NIH Research Festival
Multiple vascular cell types (endothelial cells, pericytes, and vascular smooth muscle cells) assemble to form an elaborate pattern of vascular network in organ-specific manners. Whether tissue-localized non-vascular cells are involved in organ-specific vascular development remains to be fully elucidated. Here we show that tissue-localized myeloid progenitors give rise to pericytes in the vasculature of the ectoderm-derived tissues such as skin and brain. A series of in vivo fate-mapping experiments revealed that myeloid progenitors generate pericytes during development. Furthermore, depletion of myeloid cells and their progenitors in PU.1 mutants results in defective pericyte development. Indeed, the mutants fail to develop the blood brain barrier. At mechanistic level, FACS-isolated F4/80+ myeloid progenitors from embryonic skin differentiate into NG2+ and PDGFRβ+ pericytes in response to transforming growth factor (TGF)-β. Moreover, conditional type2 TGF-β receptor (Tgfbr2) mutants exhibited deficient pericyte development in skin. Combined, these data suggest that myeloid progenitors differentiate into pericytes through TGF-β signaling in the embryonic skin and brain vasculature. This discovery may have profound implications for the study of pathological angiogenesis in wound healing and cancer.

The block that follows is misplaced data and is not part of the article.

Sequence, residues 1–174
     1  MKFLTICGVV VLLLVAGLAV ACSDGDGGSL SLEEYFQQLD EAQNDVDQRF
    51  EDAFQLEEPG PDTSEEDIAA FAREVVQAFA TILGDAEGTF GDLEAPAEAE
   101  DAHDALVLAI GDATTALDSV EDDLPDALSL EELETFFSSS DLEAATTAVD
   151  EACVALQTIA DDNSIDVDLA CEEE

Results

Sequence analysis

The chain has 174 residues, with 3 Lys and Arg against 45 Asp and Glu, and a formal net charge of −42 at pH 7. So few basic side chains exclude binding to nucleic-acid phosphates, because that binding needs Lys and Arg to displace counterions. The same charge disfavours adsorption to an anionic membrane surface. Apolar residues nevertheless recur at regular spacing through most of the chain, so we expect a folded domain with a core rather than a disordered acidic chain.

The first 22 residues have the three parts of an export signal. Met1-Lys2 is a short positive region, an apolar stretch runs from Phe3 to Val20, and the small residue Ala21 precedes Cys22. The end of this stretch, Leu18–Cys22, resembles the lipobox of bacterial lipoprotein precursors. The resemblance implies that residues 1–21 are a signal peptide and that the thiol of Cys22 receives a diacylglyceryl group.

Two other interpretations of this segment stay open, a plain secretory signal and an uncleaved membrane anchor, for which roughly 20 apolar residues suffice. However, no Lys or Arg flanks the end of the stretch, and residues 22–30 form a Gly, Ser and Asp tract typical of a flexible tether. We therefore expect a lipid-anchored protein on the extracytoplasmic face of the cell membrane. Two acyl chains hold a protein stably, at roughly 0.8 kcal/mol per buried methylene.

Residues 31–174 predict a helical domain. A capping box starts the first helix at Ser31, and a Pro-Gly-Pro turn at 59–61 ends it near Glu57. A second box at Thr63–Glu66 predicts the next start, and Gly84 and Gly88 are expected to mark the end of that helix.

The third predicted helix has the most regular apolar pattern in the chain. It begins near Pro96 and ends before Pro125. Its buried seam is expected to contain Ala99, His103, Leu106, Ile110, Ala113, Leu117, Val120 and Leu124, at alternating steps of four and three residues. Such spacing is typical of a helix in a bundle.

Scientific Focus Area: Developmental Biology
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